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Brown v. Gouverneur Correctional Facility

January 12, 2006

DENNIS BROWN, PETITIONER,
v.
GOUVERNEUR CORRECTIONAL FACILITY, DEPARTMENT OF CORRECTIONAL SERVICES, RESPONDENT.



The opinion of the court was delivered by: VICTOR E. Bianchini United States Magistrate Judge

DECISION AND ORDER

INTRODUCTION

Petitioner, Dennis Brown ("Brown"), filed this pro se petition for a writ of habeas corpus pursuant to 28 U.S.C. § 2254 challenging his conviction in New York State Supreme Court (Monroe County) on charges of grand larceny, petit larceny, and engaging in a scheme to defraud. The parties have consented to disposition of this matter by the undersigned pursuant to 28 U.S.C. § 636(c).

FACTUAL BACKGROUND AND PROCEDURAL HISTORY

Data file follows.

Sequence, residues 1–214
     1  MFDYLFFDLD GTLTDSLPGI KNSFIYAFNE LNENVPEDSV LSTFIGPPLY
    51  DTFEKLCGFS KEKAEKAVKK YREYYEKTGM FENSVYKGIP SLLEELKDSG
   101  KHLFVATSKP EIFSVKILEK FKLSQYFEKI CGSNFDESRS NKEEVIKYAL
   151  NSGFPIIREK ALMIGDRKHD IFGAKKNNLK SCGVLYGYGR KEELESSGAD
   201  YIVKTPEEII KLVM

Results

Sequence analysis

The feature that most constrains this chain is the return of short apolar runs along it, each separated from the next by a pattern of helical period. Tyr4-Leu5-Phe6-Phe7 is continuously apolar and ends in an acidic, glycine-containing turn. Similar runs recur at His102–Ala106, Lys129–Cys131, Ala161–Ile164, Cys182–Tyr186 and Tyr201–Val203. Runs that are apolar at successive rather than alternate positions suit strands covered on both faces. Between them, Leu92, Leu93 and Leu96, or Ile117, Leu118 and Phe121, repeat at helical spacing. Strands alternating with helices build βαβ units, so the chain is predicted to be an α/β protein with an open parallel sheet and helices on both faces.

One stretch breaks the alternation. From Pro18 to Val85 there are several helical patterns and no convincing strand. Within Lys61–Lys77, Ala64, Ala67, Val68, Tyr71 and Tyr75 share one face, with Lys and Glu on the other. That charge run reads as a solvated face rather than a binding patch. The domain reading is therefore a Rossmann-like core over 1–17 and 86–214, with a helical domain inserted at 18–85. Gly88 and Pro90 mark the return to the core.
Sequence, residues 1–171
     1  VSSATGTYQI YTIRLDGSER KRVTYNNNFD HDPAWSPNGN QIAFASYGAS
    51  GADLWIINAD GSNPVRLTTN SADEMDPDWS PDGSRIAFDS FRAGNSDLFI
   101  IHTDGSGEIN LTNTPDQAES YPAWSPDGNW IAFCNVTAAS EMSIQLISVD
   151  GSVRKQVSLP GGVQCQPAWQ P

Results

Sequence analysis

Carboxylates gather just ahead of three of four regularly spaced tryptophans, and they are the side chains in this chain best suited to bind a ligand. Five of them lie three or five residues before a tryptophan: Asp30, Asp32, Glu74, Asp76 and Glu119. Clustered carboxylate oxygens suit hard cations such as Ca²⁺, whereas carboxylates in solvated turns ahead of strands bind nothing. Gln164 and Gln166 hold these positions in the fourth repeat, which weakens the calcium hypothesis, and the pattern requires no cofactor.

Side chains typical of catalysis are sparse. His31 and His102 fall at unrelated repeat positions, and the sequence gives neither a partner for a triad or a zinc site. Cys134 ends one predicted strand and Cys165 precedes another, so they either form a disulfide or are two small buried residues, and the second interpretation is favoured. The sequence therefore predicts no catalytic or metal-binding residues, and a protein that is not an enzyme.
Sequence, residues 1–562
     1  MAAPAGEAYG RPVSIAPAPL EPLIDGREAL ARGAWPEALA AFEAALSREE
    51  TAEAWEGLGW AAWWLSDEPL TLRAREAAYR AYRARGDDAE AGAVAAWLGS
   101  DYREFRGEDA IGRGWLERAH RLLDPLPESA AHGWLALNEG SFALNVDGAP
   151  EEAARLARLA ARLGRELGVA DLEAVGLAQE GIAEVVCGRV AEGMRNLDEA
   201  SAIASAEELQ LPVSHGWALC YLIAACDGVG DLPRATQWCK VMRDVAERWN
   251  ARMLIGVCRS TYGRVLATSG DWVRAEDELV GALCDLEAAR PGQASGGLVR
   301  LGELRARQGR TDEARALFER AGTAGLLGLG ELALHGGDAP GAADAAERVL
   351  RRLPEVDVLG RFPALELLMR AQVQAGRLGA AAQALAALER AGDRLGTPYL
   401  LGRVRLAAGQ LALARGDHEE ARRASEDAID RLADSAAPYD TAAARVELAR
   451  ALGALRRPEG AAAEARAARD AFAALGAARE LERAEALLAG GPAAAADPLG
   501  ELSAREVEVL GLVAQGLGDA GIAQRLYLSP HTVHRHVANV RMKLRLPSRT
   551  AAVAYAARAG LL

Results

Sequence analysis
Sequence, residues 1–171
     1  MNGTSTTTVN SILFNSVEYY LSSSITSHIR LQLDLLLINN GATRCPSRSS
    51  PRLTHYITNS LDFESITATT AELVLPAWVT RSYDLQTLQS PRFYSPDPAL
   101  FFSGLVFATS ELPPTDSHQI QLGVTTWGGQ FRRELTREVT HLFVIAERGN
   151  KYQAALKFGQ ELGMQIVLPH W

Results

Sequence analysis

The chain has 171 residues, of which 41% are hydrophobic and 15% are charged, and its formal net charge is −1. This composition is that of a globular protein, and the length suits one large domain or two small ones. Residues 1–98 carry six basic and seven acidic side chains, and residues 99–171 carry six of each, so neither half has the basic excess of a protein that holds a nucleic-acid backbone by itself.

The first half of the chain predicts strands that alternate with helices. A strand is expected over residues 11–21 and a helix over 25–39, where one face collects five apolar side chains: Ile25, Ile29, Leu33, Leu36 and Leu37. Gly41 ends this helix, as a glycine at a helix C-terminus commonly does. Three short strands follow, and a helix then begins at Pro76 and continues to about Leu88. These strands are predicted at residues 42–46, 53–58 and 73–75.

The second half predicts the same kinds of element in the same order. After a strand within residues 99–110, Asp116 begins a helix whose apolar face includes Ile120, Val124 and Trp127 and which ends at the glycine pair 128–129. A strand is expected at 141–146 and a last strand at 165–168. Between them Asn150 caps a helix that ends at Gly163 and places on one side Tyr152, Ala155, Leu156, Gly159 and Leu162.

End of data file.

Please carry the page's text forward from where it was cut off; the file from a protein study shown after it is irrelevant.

By indictment #731/97, a Monroe County grand jury charged Brown charged with two counts of third degree grand larceny, two counts of fourth degree grand larceny, and four counts of petit larceny. The ninth count of the indictment charged Brown with a scheme to defraud in the first degree. Each of the larceny counts alleged a separate act of stealing from a different complainant. This indictment was the culmination of a 1997 investigation into Brown's business practices undertaken jointly by the Rochester Police Department and the New York State Police. Apparently, a number of individuals had contacted the authorities to complain about Brown, who had been representing himself to individuals as a licensed mortgage broker.